MyRepublic is one of the only major internet service providers that have DHCP with no VLAN (eg - hook a device up, get a public IP with no configuration).


This means that anything you hook up to the ONT will get a public IP if you're on one of the "Gamer" or business plans. Normally this is fine as it is often a router designed for the task but in my research it does appear that MyRepublic also do zero port filtering like other ISP's meaning commonly abused ports like DNS, SMB and SMTP are often exposed likely without the user knowing.


According to a Shodan scan of MyRepublic's NZ ASN (AS133579 - Here) as of right now there is currently:

- 69 Open DNS Resolvers (including MyRepublic's own resolvers, however).
- 63 Insecure SMTP Servers.
- 51 RDP Servers (including many running Windows 7 / Windows Server 2008).
- 41 NTP Servers.
- 11 Mikrotik Winbox (7 vulnerable to CVE-2018-14847).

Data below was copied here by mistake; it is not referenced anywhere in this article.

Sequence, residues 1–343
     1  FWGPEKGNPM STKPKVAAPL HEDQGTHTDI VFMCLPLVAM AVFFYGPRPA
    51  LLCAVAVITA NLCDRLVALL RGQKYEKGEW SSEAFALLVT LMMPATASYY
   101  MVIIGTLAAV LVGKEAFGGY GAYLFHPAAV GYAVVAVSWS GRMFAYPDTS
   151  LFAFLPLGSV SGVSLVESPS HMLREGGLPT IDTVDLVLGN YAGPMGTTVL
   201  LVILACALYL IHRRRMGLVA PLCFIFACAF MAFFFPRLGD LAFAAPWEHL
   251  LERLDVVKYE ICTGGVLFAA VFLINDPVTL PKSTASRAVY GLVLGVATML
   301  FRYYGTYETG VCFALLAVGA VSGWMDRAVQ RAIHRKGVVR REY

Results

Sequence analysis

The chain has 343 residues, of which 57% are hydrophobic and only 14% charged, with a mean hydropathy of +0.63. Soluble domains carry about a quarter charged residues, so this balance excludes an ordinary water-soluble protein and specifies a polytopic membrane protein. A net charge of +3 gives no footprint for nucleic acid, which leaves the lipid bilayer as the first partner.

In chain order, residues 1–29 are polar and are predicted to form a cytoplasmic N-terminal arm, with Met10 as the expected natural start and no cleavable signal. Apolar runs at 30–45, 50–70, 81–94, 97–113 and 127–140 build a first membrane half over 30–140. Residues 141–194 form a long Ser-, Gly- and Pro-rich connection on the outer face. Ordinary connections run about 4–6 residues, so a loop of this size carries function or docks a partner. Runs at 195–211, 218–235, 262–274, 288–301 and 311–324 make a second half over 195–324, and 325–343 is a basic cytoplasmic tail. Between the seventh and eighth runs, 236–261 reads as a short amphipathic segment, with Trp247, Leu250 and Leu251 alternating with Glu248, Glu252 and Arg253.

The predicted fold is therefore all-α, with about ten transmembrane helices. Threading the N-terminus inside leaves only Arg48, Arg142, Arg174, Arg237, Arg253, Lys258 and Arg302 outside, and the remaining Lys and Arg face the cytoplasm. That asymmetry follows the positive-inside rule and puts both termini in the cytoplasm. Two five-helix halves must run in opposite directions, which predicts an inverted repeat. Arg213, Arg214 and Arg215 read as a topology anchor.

- 8 SMB Servers (6 with no auth).


This is only a small subset of services that can be commonly exploited or used in a DDOS attack. There are many routers with exposed web interfaces and many other services running which indicate already compromised hosts.


There are people active on Geekzone who may have unknown services exposed to the internet. If you're on MyRepublic and have a static or public IP address then give yourself a scan and ensure everything is locked down. You can use the following services:


GRC ShieldsUp!: 


It may appear I am picking on MyRepublic here but I am seriously not. I do often check the status of different providers in NZ but MyRepublic have always appeared near the top of my lists for potentially compromised hosts due to the lack of VLAN tagging + DHCP; other providers with their use of VLAN tagging limit exposure to general purpose or insecure / unconfigured devices being connected straight to the wild west of the internet. It is also worrying there doesn't appear to be any port filtering happening on MyRepublic meaning these customers may unknowingly be involved in past or future attacks.


I'd also like to remind everyone the importance of knowing what you're port forwarding. Think to yourself what would happen if that device got compromised, what have you got on your network that may be a great target to threat actors and how secure the thing you're port forwarding to is. Just because it is "password protected" doesn't mean it is secure. You should also never have to port forward to games consoles, cameras or alarm systems.